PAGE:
On 19 September 2023, the European Parliament Economic and Monetary Affairs (ECON) Committee held its first exchange of views on the Retail Investment Package.
The Retail Investment Package, which was published by the European Commission (Commission) on 24 May 2023, aims to empower retail investors to take more informed investment decisions that would better correspond to their investment needs and objectives. The Commission’s proposals amend a number of legal texts in the fields of market conduct, asset management and insurance. In particular, the legislative proposals will amend the:
- Markets in Financial Instruments Directive II (MiFID II).
- Alternative Investment Fund Managers Directive (AIFMD).
- Undertakings for Collective Investment in Transferable Securities Directive (UCITS Directive).
- Directive on the provision of insurance or reinsurance distribution services to third parties (IDD).
- Directive on the taking-up and pursuit of the business of insurance and reinsurance (Solvency II).
- Regulation on key information documents for packaged retail and insurance-based investment products (PRIIPs).
The debate in the ECON Committee was relatively short, but it provides a first indication of what the main contentious issues in the legislative review will be, and how different political groups think about the Commission’s proposals.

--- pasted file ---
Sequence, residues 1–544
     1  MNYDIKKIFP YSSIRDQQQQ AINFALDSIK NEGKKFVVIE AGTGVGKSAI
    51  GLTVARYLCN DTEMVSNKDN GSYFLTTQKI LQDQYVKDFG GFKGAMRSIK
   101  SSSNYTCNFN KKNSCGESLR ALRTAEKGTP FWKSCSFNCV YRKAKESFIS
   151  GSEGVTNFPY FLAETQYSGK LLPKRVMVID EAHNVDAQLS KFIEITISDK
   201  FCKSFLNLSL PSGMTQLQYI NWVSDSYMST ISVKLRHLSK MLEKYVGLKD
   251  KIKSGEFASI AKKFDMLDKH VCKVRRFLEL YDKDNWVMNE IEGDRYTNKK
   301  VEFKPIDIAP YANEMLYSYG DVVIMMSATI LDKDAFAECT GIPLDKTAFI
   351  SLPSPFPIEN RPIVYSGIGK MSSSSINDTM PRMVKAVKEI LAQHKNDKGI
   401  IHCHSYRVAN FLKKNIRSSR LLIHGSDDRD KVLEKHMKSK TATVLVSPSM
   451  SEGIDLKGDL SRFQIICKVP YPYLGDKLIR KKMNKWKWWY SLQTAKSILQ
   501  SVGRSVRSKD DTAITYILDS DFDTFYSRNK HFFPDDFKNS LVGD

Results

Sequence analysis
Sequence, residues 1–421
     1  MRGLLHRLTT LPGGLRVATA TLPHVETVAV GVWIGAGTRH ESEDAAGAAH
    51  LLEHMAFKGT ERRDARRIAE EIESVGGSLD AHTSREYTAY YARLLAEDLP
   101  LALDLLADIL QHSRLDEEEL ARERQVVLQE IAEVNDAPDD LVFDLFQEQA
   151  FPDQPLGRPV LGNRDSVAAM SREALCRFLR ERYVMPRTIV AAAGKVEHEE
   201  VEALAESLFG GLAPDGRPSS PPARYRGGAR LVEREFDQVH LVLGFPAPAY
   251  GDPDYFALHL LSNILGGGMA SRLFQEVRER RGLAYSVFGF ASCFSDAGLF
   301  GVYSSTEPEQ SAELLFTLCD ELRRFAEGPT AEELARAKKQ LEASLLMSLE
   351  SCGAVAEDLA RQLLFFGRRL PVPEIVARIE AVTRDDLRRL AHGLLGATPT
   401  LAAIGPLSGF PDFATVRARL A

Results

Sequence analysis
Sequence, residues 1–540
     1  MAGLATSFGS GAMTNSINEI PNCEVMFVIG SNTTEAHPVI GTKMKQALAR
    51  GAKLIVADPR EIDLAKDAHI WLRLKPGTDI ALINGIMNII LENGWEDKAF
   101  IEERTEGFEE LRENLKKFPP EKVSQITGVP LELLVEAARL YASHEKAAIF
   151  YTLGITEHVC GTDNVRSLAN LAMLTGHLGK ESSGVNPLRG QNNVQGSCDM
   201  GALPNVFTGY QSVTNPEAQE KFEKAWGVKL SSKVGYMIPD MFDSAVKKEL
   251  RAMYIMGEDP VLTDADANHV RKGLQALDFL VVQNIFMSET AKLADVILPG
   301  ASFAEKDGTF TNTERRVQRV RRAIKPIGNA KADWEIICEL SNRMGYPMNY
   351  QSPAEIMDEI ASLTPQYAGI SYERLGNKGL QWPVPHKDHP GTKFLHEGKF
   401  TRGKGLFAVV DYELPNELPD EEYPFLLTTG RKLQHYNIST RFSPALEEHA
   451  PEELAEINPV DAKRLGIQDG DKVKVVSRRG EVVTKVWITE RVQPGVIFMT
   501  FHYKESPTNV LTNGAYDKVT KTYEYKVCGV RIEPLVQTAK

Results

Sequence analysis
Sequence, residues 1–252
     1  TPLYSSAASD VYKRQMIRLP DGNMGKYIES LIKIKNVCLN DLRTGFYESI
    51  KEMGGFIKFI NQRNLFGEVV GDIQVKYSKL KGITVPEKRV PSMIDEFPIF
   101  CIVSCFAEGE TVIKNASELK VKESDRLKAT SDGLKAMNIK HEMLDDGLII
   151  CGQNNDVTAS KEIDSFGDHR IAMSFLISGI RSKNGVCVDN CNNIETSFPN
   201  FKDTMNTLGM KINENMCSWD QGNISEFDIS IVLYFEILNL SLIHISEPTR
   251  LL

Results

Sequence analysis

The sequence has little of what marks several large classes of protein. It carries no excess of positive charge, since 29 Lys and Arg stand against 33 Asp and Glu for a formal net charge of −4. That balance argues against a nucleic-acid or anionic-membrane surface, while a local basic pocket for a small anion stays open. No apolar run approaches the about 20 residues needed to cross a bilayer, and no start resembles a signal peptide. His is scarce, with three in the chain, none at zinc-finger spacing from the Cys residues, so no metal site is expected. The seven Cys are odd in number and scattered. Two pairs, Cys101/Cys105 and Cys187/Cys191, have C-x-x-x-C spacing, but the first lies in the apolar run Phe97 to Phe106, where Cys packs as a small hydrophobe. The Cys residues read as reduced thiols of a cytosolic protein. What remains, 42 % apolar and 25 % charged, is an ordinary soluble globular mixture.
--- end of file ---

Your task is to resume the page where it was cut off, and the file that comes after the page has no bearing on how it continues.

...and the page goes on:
ECON rapporteur Stephanie Yon-Courtin (Renew, FR) started the discussion in the ECON Committee. In her speech shewelcomed the Commission’s proposals and emphasised that the initiative should improve the retail capital markets, competitiveness of EU companies and the EU’s strategic autonomy. Following her introduction, Yon-Courtin summarised her initial priorities and views. Firstly, she disagrees with the Commission’s approach towards assessing what retail investment products are suitable for retail investors as she considers that the approach is insufficiently tailored towards citizens’ needs. In her view, it is not the costs of the investment products that plays the most important role for retail investors to decide on which product to take, but also the quality of the products, especially regarding the green and social profile of the investment products. Secondly, Yon-Courtin stated that in her view, so-called finfluencers lack specific financial knowledge and might therefore sell misleading products, and that this should thus be addressed in the final text of the proposal. She is in favour of making financial businesses responsible for the content that is promoted by influencers and sanctioning them if they do not. Turning toward the topic of supervision, Yon-Courtin considers the Commission proposal not to be going far enough in improving cross-border supervision. She finished her contribution by discussing the proposed partial ban on inducements proposed by the Commission. Yon-Courtin is unsure about whether a partial ban would be effective enough. In her view, the current proposal leaves much to be desired. We understand that the draft report, which Yon-Courtin intends to publish before October 2023, will propose to delete the ban in its entirety.